The first of several upcoming reviews about short
film collections is in. Next article: vote for the
collection you want reviewed next.

Cast, Crew, and Other Info

Walt Disney supplied the voice of Mickey Mouse, and a
few others.
Pinto Colvig was still doing Goofy’s voice in the few
appearances he
had. Marcillette Garner provided Minnie’s voice.

This
DVD release

includes english language captions only. It does,
however, have 34 of
the early, black and white Mickey Mouse cartoons.

Past movie reviews can be found here.

Premise

An oversized barnyard vermin tortures other animals
until he leaves
the farm, when he suddenly becomes a kind, caring,
and productive
member of society. I guess he just craved celebrity.

High Point

Mickey’s Service Station. I can see why
they chose to end the set
with it.

Low Point

Many of the early shorts (all of which are listed by
title in the
Amazon.com article above) are just random
choreography, with stories
that begin half way through (if at all), and just end
when the iris
closes for no apparant reason.

The Scores

In its time, this was remarkably original.
The year after
The Jazz Singer introduced the world to
synchronized sound
(and only for the musical numbers; dialogue was still
intertitled)
Walt Disney started doing this with animation. The
big difference?
In The Jazz Singer, there was somebody
actually there to make
the sound. In Steamboat Willie, we had a
collection of
drawings that made no sounds of their own. I can
understand why it
was such a surprise, and why the early cartoons were
basically music
with not much else. They don’t look that impressive
nowadays, but
they did a lot of this stuff first. This is where we
first met Goofy
(in his “Dippy Dawg” days), Peg Leg Pete (who
originally had two legs,
and later couldn’t decide which had the peg), Minnie
Mouse, and Mickey
himself. Pete has probably changed the least over
the years. Apart
from the leg, there’s really do difference in voice,
appearance, or
personality. The others develop as we watch the
cartoons included
here, spanning 1928 to 1935. Many of the jokes are
recycled from cartoon to
cartoon, but the rest was completely original. I
give it 5 out of 6.

The animation itself develops. In the early
stuff, you not
only have some choppy motion, you get instances where
some characters
disappear entirely for a few frames before popping
back in. Colours
used vary (as evidenced by changing shades of grey on
only one part of
the picture), and some of the relative sizes of
characters change.
Most aspects are impressive for the time, and the
actual production
quality itself takes a huge leap forward with
Mickey’s
Nightmare
, producing better characters than some
of the Saturday
morning cartoons being made today. I give it 5 out
of 6.

The stories told were weak in most cases.
Some of them had
some good stuff, such as Gulliver Mickey,
Mickey’s
Nightmare
, The Mad Doctor, Mickey’s
Service
Station
and the like, but others, such as
The Karnival
Kid
, Blue Rhythm, and Orphen’s
Benefit
had
little or no plot, and often had no resolution to
what plot they did
have. I give it 3 out of 6.

The voice acting was not bad. The actual
voices of the
characters went through significant changes over the
years, especially
in the period from 1928 to 1930, but that itself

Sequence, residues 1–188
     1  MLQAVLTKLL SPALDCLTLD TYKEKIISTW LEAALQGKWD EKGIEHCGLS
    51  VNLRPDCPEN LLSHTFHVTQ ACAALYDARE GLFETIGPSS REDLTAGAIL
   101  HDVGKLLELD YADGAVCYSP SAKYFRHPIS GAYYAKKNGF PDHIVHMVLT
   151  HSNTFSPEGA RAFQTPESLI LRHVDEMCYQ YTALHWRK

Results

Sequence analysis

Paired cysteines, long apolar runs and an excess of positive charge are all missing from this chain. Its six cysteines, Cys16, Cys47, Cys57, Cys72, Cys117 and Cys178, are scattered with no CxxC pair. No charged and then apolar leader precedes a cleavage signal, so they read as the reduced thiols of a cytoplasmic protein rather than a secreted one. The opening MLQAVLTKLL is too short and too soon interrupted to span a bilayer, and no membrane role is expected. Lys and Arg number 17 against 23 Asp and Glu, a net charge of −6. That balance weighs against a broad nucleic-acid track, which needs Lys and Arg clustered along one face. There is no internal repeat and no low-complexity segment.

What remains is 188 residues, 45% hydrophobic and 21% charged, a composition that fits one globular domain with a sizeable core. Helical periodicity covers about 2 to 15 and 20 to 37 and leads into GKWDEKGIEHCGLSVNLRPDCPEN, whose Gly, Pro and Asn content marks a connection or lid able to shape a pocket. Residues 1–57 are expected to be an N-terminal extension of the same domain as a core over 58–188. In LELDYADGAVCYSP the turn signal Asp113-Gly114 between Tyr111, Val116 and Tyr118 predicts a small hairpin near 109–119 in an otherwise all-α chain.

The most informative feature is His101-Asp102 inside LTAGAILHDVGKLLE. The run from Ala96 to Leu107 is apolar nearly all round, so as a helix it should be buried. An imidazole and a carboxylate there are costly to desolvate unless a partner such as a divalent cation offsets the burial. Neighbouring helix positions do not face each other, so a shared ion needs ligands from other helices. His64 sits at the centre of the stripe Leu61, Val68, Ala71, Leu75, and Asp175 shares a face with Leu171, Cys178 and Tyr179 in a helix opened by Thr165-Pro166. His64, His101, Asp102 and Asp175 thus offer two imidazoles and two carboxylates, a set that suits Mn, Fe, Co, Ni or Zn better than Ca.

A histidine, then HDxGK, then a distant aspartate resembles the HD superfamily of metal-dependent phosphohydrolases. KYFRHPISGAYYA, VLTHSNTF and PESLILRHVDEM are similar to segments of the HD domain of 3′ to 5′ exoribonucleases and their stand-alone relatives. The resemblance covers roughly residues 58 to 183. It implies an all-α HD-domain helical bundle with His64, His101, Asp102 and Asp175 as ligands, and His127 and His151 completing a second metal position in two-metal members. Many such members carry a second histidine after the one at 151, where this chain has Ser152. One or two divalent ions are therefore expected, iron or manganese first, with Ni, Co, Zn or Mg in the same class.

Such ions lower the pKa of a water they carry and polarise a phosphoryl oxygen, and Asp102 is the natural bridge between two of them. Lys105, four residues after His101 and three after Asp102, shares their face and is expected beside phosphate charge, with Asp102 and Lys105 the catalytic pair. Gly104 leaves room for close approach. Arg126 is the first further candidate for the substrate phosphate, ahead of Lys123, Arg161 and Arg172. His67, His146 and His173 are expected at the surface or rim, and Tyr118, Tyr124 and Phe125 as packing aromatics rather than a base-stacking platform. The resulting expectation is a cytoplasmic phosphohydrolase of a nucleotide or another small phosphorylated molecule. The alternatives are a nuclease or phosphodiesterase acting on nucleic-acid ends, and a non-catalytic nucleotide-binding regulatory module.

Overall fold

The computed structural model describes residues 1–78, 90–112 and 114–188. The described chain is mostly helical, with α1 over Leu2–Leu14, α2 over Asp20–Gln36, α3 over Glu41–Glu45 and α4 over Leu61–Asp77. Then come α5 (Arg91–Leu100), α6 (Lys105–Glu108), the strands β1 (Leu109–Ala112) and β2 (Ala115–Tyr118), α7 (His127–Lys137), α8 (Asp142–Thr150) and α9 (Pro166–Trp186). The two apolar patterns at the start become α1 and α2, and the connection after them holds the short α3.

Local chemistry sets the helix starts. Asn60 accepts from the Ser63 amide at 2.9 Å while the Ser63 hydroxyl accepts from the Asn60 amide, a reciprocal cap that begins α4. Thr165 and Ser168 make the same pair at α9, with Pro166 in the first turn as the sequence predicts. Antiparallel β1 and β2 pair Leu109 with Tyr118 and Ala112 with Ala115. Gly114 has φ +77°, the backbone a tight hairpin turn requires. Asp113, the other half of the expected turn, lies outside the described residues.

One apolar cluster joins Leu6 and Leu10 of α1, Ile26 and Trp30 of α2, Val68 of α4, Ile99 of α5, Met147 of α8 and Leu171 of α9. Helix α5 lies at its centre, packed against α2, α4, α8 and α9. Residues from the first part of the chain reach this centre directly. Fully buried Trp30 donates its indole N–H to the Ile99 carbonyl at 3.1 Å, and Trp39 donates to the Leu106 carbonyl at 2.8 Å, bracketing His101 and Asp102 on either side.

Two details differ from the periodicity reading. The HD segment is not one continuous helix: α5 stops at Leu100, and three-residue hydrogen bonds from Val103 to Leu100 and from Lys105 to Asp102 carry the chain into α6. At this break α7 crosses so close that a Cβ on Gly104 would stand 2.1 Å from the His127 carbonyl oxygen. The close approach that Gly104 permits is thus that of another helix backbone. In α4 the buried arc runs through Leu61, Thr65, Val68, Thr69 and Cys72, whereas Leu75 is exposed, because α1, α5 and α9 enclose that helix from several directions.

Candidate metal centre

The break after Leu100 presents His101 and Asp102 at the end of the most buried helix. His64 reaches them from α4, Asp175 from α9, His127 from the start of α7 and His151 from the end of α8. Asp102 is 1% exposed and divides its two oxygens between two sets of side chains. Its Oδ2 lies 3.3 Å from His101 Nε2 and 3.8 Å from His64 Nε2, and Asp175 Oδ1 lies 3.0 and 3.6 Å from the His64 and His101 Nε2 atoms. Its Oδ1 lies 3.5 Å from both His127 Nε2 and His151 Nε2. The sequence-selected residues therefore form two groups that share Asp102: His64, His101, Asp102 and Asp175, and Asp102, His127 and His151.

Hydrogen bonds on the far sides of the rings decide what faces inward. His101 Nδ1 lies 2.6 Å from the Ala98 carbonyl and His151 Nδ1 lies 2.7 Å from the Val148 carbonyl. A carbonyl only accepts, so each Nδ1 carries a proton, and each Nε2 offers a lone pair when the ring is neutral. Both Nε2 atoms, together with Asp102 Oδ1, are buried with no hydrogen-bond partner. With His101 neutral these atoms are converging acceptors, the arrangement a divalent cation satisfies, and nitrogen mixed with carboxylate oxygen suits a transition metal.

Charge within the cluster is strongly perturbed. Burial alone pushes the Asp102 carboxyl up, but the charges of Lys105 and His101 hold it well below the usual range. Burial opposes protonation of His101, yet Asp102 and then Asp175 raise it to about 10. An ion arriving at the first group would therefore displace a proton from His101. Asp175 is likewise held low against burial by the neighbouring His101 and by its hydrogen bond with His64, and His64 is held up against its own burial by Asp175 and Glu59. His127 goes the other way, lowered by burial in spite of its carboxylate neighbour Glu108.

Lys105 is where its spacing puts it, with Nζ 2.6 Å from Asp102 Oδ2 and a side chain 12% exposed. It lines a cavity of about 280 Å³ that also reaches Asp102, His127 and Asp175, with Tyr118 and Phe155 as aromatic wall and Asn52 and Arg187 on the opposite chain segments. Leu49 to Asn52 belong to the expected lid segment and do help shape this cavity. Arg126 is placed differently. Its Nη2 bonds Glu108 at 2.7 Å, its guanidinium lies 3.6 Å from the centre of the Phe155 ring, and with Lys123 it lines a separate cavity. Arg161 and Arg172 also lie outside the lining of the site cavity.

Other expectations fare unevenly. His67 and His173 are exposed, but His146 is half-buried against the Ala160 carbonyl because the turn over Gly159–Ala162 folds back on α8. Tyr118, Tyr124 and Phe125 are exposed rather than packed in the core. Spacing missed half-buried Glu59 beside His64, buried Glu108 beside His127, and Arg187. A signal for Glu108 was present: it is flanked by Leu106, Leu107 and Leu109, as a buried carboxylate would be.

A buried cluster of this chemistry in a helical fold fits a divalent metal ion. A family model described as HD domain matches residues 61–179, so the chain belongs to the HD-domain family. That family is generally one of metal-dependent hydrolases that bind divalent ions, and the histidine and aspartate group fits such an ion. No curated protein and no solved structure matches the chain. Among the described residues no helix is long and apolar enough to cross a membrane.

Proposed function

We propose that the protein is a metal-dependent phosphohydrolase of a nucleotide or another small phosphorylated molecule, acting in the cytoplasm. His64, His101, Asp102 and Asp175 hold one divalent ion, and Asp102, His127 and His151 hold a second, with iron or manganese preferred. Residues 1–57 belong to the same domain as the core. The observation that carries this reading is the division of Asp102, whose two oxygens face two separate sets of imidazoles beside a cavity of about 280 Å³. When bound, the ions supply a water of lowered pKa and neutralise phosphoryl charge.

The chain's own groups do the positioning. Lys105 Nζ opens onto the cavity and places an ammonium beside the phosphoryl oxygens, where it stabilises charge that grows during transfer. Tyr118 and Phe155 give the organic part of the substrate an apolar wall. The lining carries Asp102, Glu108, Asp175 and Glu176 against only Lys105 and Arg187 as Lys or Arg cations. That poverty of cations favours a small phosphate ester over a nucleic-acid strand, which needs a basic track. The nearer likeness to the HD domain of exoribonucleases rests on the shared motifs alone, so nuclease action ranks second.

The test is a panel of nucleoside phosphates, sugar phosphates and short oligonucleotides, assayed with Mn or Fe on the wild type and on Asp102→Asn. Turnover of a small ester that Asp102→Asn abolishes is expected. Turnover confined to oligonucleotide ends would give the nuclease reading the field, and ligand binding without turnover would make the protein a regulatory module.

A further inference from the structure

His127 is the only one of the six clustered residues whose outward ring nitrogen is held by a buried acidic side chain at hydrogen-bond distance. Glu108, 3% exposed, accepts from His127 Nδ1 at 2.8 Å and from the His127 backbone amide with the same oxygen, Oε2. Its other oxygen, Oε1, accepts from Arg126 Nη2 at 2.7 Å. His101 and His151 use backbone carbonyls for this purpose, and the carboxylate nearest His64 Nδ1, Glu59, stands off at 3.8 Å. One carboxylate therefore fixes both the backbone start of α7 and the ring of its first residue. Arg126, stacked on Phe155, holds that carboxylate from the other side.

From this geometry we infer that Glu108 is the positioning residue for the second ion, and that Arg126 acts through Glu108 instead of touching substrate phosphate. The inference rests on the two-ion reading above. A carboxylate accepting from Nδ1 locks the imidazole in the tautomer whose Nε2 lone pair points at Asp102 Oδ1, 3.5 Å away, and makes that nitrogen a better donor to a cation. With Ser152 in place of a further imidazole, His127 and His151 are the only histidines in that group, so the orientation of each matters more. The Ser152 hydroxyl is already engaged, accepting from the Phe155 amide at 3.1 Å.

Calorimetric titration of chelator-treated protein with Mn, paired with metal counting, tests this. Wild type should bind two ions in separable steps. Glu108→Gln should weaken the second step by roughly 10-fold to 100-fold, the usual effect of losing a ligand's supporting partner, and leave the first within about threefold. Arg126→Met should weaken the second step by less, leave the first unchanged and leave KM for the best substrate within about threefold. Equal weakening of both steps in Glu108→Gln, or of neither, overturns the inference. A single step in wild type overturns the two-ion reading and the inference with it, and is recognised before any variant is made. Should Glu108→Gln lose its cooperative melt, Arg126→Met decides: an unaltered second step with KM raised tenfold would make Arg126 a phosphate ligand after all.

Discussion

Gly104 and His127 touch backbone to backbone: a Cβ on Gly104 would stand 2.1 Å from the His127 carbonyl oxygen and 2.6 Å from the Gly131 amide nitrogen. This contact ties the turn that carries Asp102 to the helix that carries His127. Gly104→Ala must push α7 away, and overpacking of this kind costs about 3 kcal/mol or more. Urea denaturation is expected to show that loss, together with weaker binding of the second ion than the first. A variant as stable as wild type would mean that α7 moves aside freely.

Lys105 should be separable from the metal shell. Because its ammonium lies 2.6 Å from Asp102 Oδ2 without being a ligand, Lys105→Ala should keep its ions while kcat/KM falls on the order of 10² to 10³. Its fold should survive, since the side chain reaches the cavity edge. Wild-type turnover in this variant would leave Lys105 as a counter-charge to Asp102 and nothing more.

isn’t a problem, as
the characters were being defined. Most of the voice
action, however,
was done with such extreme voices that there was very
little room for
expression. Donald’s voice is either “mad” or “not
mad.” Pinto
Colvig’s work with Goofy had more variation than the
others, and even
that wasn’t much due to the way the character was
written. Mickey’s
facial expression and body language could convey
great emotion, but it
never actually crept into his voice. I give it 3 out
of 6.

The emotional response to the first 20 or so
cartoons is
mostly historical interest. For example, I wasn’t
expecting Minnie to
flash her panties at all, let alone do it in the
first 10 or 15 cartoons,
and take them completely off twice. Many characters
had problems
keeping their pants on, actually. Mickey himself was
completely naked
in the second cartoon. Of course, all characters are
a uniform,
featureless black in these situations, but it’s still
surprising.
Once the second disk starts, Mickey becomes a bit
more sophisticated,
and so does his humour, so the cartoons becoming
entertaining for
their own sake, instead of just showing where things
came from. I
give it 4 out of 6.

The production was impressive for the time.
Backgrounds
become more involved as time goes on, and the number
of locations used
in a single cartoon was impressive from the start.
Steamboat
Willie
is just odd today, but it must have been
a revelation in
1928. Still, things like odd camera staging,
unsynchronized sound in
the early 1930s, and poor quality control on the
animation itself hold
it back. I give it 4 out of 6.

Overall, this was certainly worth it’s
original $30 (roughly)
retail price, but now that’s it’s only easily
available through eBay
or other used outlets that have raised prices due to
this whole
“supply and demand” thing (only 125,000 sets were
issued) collectors
have driven prices up dramatically. If you’re not
looking for this
for its historical significance as well as its
entertainment value,
you’ll likely be disappointed at its present price.
I give it 4 out
of 6.

In total, Walt Disney Treasures: Mickey Mouse in
Black and
White
receives 28 out of 42.